"No Money Down": The Pros and Cons of Borrowing Your Down Payment - Rego Realty


With Ontario home prices rising considerably over the past year, many homebuyers are pursuing new and creative ways to get into the real estate market.

Many have left big metros in favour of more affordable towns — sometimes 3-4 hours away — while others have discovered fractional ownership, which allows them to purchase a portion of a property.

The big hurdle for many buyers, however, remains the down payment. Typically between 5% to 20% of the purchase price — which, on a $500,000 home, amounts to $25,000 to $100,000 — a down payment often takes years to save.

But what if you didn’t need to pay this lump sum all at once and out of your personal savings? Below, we’ll take a look at the alternative methods to fund your down payment, when it may make sense, and what to consider before taking this route.


The Alternatives

There are a few creative ways to finance your down payment:


Gift Letter

In a previous article, we talked about how homebuyers, to beef up their down payment and avoid the stress test, borrowed from the “Bank of Mom and Dad.” This means that their parents did two things: 1) gave them money and 2) provided a written statement to the bank stating that these funds DO NOT need to be repaid. A financial gift from an immediate family member accompanied by such a letter allows you to cover part or all of your down payment without impacting your purchasing power (debt-to-income ratio).




Through the Government of Canada’s Home Buyer’s Plan (HBP), first-time buyers can leverage up to $35,000 of their RRSP contributions ($70,000 for a couple) tax-free for a down payment. More details here.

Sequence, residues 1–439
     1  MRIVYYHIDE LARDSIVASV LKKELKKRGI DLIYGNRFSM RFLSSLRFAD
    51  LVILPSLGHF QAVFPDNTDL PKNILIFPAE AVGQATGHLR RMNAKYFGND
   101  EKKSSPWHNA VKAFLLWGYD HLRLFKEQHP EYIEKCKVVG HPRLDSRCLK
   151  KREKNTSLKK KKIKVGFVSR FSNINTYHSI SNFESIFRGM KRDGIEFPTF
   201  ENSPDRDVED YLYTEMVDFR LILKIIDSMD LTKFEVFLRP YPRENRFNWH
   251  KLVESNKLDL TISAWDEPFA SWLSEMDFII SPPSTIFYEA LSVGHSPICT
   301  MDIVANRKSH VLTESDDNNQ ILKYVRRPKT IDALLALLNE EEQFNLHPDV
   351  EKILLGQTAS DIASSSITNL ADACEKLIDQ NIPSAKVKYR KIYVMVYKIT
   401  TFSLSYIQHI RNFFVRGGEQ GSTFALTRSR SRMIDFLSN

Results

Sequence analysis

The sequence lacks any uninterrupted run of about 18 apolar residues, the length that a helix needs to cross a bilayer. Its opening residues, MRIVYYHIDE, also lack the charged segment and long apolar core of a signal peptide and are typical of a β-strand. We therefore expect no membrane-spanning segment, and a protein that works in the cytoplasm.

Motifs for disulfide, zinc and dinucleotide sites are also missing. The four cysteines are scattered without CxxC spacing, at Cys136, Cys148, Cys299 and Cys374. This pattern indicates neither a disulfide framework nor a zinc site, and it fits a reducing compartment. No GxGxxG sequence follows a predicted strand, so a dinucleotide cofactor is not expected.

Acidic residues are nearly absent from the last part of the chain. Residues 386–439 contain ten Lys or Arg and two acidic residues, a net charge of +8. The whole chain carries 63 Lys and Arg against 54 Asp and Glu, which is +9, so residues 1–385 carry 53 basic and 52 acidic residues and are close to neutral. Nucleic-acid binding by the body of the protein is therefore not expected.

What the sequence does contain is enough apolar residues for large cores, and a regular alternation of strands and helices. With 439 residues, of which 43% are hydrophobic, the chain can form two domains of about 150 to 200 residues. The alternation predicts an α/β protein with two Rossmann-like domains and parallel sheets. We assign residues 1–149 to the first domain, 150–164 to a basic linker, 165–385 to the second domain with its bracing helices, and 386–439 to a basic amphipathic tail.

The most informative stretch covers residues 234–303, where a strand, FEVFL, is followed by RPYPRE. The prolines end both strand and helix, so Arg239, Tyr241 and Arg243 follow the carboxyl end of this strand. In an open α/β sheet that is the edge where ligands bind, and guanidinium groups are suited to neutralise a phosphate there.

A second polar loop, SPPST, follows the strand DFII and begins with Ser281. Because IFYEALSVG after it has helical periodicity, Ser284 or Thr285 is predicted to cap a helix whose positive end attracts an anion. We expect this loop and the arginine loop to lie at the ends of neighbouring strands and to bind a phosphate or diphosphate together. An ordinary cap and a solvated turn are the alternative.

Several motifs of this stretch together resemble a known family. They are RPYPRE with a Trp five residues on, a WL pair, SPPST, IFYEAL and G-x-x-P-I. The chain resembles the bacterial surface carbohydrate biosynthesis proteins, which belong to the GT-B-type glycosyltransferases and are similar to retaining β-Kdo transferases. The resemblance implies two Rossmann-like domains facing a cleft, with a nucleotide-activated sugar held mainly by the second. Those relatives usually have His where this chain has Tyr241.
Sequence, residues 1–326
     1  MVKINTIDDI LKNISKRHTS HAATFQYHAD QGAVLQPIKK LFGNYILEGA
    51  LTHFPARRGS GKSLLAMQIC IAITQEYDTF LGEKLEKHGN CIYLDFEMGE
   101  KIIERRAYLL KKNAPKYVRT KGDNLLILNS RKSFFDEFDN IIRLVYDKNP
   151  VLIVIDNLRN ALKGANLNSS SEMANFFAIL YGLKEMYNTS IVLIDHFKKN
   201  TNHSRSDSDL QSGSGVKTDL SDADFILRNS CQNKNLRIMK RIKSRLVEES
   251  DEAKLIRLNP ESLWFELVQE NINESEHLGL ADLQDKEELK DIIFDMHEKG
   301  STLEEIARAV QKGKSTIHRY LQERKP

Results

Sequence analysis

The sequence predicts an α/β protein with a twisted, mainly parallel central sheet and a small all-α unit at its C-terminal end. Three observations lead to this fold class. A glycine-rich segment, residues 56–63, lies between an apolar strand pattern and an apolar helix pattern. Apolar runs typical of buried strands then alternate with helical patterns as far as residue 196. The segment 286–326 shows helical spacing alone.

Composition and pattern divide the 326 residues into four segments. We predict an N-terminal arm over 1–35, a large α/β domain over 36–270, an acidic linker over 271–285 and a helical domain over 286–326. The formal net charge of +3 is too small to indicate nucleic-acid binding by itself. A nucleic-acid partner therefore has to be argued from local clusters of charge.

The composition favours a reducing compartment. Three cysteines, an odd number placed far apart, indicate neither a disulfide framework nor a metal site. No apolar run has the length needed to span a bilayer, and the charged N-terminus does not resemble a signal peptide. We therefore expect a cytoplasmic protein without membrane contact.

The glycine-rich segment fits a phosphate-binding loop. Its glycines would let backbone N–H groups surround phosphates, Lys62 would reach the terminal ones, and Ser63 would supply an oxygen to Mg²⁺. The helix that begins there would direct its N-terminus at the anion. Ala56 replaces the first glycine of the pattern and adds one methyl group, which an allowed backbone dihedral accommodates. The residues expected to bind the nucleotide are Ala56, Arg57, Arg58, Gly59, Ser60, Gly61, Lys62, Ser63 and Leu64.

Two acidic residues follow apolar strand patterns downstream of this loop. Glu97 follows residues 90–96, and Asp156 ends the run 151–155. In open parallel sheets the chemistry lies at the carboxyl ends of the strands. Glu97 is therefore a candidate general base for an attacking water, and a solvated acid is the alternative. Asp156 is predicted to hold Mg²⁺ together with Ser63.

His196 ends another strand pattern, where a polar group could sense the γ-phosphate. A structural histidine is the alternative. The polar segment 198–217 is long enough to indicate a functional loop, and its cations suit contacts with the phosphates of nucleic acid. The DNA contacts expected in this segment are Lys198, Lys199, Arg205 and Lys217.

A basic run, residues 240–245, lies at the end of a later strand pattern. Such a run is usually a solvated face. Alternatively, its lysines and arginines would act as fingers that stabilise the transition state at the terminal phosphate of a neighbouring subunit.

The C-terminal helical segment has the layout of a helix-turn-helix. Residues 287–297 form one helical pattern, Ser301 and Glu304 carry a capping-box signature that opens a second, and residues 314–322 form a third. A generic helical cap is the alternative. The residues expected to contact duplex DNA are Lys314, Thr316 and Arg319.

Line of Credit

You may be able to use funds from your line of credit (either personal or home equity) to subsidize your down payment as long as your debt ratios remain in check.


Personal Loan

This involves borrowing from a lender — or possibly friends or family who may offer more favourable interest and payment terms (though borrowing money from friends can lead to uncomfortable situations).


Credit Card

This is last on the list for a reason. While possible, this is not ideal as your interest rates will be sky-high.



As you can see, your down payment doesn’t vanish in any of these scenarios; you’re simply borrowing the funds to pay for it. Aside from a financial gift, these options equate to increased debt and, thus, more payments you’ll need to make.


You’ll want to make sure of the following before taking on added debt:

  • Your income is solid, stable, and substantial enough to handle more debt comfortably
  • You have great credit: a score above 680, but ideally 750. Mortgage lenders will look at this very carefully during the approval process.



Should You Do It?

Let’s assume you’ve checked all the boxes and are able to subsidize your down payment by borrowing. The next question is “should you do it?”

Here are some pros and cons to consider:




Equity Gains: Mortgage Paydown